In the past month, Canada has renewed its proposal for the CD to negotiate the fissban and establish a mechanism for the "substantive discussion of nuclear disarmament issues". (8) The G-21 also reiterated its long-standing proposal for an ad hoc nuclear disarmament committee to negotiate a timetable for nuclear disarmament, although Chile, while accepting G-21 consensus on the proposal, stressed that negotiations on a timetable or nuclear weapon convention were goals rather than the immediate objectives of negotiations.

Emphasising that nuclear disarmament must be "more firmly anchored" in the work of the CD, Austria recalled (but did not formally resubmit) its 30 July 1998 proposal to establish a "mechanism which permits keeping the issue of general nuclear disarmament under constant and systematic review", thereby "preparing the ground for further clearly circumscribed areas of multilateral negotiations". (9)

There are now five proposals on the table for addressing nuclear disarmament:

  • On 12 January South Africa updated its 1998 proposal for an ad hoc committee to "deliberate upon practical steps for systematic and progressive efforts to eliminate nuclear weapons as well as to identify if and when one or more such steps should be the subject of negotiations in the Conference". (10)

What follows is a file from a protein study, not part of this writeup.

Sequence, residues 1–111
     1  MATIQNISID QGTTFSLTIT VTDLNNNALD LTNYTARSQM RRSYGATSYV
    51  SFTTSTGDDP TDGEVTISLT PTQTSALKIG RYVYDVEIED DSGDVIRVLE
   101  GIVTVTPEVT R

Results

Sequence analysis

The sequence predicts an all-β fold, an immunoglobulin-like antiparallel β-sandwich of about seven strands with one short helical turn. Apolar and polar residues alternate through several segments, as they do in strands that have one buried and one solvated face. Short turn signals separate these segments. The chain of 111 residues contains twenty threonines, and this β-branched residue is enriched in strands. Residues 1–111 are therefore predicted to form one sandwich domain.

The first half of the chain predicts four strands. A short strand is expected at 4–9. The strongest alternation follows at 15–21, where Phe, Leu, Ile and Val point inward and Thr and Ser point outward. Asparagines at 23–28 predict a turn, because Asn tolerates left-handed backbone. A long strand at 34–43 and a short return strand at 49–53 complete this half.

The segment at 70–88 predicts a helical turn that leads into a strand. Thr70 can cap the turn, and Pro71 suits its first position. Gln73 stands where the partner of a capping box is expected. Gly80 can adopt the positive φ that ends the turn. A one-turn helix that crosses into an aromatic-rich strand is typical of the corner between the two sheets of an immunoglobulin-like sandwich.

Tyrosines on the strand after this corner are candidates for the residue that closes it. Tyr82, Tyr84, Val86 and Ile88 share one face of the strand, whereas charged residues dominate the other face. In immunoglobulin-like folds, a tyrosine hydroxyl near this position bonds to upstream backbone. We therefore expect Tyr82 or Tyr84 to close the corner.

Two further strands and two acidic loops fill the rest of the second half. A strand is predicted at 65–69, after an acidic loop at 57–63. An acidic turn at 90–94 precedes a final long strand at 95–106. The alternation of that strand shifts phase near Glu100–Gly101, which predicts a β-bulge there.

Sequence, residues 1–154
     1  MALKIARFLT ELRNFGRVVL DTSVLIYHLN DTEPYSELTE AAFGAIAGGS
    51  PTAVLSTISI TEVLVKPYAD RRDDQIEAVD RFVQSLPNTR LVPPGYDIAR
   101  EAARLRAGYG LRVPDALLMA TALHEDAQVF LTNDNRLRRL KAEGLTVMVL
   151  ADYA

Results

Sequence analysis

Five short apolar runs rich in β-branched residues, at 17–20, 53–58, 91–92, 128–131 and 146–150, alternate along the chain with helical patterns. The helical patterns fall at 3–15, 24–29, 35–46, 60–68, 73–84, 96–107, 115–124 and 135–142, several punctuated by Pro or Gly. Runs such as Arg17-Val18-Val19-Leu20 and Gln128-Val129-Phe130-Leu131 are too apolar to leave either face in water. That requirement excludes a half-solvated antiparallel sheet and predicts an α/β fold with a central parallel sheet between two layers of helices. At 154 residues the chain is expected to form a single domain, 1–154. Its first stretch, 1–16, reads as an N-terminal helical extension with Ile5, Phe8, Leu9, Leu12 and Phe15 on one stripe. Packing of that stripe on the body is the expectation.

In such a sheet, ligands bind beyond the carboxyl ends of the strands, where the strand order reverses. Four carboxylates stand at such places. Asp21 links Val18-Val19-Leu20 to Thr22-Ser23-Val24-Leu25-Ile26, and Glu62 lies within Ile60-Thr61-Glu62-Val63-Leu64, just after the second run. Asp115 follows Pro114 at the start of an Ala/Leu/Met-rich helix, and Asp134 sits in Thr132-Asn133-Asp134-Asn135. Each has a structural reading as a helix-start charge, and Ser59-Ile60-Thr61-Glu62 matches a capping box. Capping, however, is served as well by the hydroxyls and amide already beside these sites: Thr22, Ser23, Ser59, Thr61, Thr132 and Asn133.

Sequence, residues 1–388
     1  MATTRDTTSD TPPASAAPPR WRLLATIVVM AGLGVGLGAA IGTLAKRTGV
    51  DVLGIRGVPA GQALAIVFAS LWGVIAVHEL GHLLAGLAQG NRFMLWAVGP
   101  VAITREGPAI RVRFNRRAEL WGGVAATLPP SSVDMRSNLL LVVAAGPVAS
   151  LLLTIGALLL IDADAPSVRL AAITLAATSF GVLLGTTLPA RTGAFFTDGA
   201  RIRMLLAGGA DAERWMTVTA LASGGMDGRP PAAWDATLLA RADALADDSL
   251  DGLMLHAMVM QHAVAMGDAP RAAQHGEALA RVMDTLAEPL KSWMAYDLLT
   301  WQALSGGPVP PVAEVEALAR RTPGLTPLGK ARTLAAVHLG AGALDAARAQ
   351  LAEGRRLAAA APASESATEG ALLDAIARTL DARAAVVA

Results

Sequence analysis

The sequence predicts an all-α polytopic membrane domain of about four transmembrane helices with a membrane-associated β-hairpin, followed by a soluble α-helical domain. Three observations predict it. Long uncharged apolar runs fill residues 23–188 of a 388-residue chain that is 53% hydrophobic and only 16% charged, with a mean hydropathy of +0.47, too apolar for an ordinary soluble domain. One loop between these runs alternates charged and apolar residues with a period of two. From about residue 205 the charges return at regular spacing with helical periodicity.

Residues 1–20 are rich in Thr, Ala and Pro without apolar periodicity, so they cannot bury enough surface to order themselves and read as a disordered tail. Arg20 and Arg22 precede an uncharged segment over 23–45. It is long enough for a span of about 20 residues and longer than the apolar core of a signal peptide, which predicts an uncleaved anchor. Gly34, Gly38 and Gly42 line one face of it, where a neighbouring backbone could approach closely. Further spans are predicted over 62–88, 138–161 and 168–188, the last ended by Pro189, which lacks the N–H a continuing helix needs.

• On 26 January, Egypt proposed an ad hoc committee under agenda item 1 on nuclear disarmament to "commence negotiations on a phased programme of nuclear disarmament with the objective of the complete elimination of nuclear weapons".(11)
  • On 2 February Belgium on behalf of the 'NATO-5' (Belgium, Germany, Italy, Netherlands and Norway) proposed "an ad hoc working group to study ways and means of establishing an exchange of information and views within the Conference on endeavours towards nuclear disarmament." (12)
  • On 4 February Canada renewed its proposal that "the CD establish an ad hoc committee for the substantive discussion of nuclear disarmament issues with a view to identifying if and when one or more such issues might be negotiated multilaterally". (13)